Why Flowers?

The term flower is popularly used to describe the bloom or blossom of a plant. It is the reproductive structure of those plants classified as angiosperms.

The flower structure incorporates the reproductive organs, and its function is to produce seeds through asexual reproduction. Many flowers have evolved over time to attract insects to pollinate the flower. The many combinations of flowers and diversity of flowers are due to insects visiting various plants. Plants that are pollinated by insects are called entomophilous.

Flowers have nectaries which hold a sweet liquid called nectar, which attract various animals and insects. Bees and birds are the most common pollinators.

Their colour and smell play an important role. Flowers also possess nectar guides, visible in ultraviolet light that bees can see.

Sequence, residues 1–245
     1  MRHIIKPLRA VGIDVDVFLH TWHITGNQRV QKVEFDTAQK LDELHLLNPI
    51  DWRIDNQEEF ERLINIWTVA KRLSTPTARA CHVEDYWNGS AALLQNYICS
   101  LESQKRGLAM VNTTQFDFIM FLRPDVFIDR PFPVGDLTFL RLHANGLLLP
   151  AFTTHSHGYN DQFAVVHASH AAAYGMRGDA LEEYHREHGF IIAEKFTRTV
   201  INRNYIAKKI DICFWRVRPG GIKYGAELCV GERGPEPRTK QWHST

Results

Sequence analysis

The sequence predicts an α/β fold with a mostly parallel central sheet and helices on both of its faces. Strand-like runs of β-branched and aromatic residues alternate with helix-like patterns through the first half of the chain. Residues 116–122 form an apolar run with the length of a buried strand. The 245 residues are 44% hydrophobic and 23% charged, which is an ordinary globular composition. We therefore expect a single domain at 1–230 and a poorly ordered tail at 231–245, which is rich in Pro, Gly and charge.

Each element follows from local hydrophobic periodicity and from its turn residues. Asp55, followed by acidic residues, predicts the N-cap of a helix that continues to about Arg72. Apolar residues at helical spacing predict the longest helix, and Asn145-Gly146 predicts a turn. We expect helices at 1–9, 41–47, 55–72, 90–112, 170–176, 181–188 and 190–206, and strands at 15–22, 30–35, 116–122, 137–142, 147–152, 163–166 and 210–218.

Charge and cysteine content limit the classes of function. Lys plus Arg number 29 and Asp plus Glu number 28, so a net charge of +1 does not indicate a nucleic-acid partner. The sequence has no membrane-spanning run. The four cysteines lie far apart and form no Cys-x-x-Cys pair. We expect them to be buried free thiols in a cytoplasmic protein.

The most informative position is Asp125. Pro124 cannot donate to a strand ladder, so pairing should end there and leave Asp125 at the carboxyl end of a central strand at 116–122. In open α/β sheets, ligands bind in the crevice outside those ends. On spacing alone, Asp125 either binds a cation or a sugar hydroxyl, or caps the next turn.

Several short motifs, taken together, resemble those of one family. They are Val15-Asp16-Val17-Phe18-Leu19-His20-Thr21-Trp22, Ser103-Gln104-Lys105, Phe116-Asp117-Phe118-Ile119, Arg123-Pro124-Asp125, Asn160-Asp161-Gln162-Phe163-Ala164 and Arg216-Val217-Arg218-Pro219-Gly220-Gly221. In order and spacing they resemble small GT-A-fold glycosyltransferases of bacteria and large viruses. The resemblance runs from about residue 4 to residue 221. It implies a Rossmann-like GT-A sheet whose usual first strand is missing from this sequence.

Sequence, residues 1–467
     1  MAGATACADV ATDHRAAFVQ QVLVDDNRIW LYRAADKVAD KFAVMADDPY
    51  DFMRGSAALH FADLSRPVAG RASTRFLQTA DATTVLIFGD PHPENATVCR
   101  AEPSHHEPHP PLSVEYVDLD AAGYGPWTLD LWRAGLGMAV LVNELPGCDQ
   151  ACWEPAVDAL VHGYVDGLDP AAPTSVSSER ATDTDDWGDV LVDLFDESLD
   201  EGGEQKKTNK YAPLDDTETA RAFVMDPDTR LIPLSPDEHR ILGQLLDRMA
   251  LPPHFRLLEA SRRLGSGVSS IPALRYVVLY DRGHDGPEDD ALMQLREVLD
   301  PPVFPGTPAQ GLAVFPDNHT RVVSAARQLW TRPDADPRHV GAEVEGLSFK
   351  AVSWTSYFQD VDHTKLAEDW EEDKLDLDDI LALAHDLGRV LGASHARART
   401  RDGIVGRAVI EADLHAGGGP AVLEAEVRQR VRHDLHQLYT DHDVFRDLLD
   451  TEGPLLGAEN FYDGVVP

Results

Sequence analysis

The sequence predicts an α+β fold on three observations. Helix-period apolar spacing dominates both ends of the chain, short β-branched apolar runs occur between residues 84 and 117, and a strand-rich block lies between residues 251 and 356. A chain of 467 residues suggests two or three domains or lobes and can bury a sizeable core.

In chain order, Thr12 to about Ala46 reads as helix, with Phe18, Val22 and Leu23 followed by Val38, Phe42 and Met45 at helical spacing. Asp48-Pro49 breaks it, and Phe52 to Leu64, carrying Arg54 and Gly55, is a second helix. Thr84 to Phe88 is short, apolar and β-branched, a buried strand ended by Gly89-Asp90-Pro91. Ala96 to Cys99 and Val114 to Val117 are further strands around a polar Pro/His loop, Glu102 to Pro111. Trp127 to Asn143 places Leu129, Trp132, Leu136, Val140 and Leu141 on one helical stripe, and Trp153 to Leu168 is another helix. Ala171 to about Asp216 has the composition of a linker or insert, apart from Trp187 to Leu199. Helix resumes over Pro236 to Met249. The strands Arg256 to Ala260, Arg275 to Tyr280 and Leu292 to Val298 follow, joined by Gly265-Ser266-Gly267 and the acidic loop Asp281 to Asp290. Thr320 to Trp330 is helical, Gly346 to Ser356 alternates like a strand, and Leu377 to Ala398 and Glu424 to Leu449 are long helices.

Flowers and Everyday Life

As humans, we are attracted to the scent of flowers, and have cultivated ways of wearing, buying or being around the smell.

Everyone has a need for flowers, either for special occasions like birthdays or valentines, or for merely expressing their feelings towards someone else.

Symbols Hidden in Flowers

Western Culture has consigned symbolic meanings to many flowers.
Red Roses convey a message of love, passion and beauty and in some cases, lust.
Poppies convey a message of sympathy in the times of death.
Irises symbolize death
Daisies symbolize innocence

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